June 25, 2009 in Washington Voices

Banner year for aphids

Pat Munts
 
Pat Munts Special to photo

Aphids distort the leaves of this currant. A lady beetle will lay eggs and the larvae will eat the aphids. Special to
(Full-size photo)

Our cool spring has been perfect for aphids this year. As a result they are showing up on all kinds of perennials, shrubs and trees.

There are literally dozens of different kinds of aphids, many of which prey on particular plants. They are generally about a sixteenth- to an eighth-inch long, in colors of green, brown, purple, red and black. Some are shiny while others have a waxy, cottony covering. All of them have long thin legs, sucking mouth parts, long antennas, a pear-shaped body and a pair of tiny tubes that project from the bug’s posterior. They are most often found on the underside of the leaves, where they tap directly into a plant vein to suck sap.

Aphids produce several generations a year. They overwinter as eggs on the trunks, branches and roots of host plants. The overwintering eggs hatch as females that can produce live young in less than 10 days. As the colony grows, winged aphids are produced and these fly to a new plant where they begin a new cycle.

Aphid damage rarely kills plants, but they extensively distort foliage and create a sticky mess of honeydew that drips onto anything under the tree. The honeydew draws ants that often tend the aphids to harvest the sweet solution. The honeydew also spawns a sooty, black mold that just adds to the mess.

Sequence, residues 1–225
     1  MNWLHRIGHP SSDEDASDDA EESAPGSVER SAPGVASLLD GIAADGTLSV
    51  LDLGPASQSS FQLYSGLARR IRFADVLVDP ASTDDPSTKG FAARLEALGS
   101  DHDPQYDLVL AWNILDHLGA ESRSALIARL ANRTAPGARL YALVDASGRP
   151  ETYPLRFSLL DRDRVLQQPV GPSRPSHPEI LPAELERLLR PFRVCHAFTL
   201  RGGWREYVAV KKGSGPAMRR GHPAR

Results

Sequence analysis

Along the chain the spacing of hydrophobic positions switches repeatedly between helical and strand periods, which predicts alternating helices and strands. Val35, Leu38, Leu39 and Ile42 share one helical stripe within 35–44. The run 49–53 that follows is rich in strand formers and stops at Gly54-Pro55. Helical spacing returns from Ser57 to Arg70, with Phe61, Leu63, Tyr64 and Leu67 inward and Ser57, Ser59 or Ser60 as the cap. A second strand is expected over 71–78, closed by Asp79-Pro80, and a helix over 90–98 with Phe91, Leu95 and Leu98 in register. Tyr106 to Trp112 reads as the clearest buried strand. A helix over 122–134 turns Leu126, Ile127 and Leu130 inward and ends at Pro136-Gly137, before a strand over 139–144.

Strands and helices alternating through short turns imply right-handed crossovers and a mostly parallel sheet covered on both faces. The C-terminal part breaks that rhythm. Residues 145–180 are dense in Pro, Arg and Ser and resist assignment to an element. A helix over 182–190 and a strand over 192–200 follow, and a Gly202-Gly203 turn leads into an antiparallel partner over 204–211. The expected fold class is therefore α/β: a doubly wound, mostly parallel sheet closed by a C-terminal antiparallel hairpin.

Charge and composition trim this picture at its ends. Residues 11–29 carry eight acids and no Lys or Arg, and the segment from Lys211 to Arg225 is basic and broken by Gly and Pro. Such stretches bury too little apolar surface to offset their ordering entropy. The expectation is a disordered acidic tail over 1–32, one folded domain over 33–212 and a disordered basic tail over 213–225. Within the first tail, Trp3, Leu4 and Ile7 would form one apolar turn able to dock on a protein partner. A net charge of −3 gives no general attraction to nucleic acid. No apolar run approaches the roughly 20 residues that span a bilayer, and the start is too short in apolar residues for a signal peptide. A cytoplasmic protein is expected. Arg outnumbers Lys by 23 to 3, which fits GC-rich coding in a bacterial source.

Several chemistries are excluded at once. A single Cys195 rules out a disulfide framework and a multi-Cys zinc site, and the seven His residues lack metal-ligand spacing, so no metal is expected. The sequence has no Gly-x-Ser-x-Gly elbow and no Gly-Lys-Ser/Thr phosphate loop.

Controlling aphids is an exercise in persistence and patience. Choose varieties of plants that are resistant to aphids. This may take some experimentation and research. Use a hard stream of water to blast the bugs off plants you can easily reach. This interrupts their living patterns enough to slow them down.

Encourage predator insects that will seek out aphids for dinner. The aphid population will build to a certain level and then the lady beetles, lacewing larvae and hover fly larvae will move in and lay eggs or eat the aphids on the infested plants. Learn to recognize these bugs and watch for them on your plants.

Insecticidal soaps applied as a spray attack the soft exposed tissues of the aphids, killing by contact. Be sure to get the spray to the underside of the leaves where the aphids are hiding. A caution however; insecticidal soaps will also kill the predatory insects.

Systemic insecticides applied to the plant are picked up by the plant’s vascular system and transferred to the aphids when they suck the sap. The advantage of systemics is that they will protect the plant for a period of time.

Controlling aphids in large trees you can’t easily reach may be a job for a professional with the right equipment, systemic chemicals not available to the homeowner and timing. Because it takes about four months for a large tree to move the chemical to the top of the canopy, controls must be done in August or September or very early in the spring. In other words, if the aphids are already in the trees, it’s probably too late to treat effectively.

Pat Munts is a Master Gardener who has gardened the same acre in Spokane Valley for 30 years. She can be reached by e-mail at pat@inlandnw gardening.com.


Thoughts and opinions on this story? Click here to comment >>

Get stories like this in a free daily email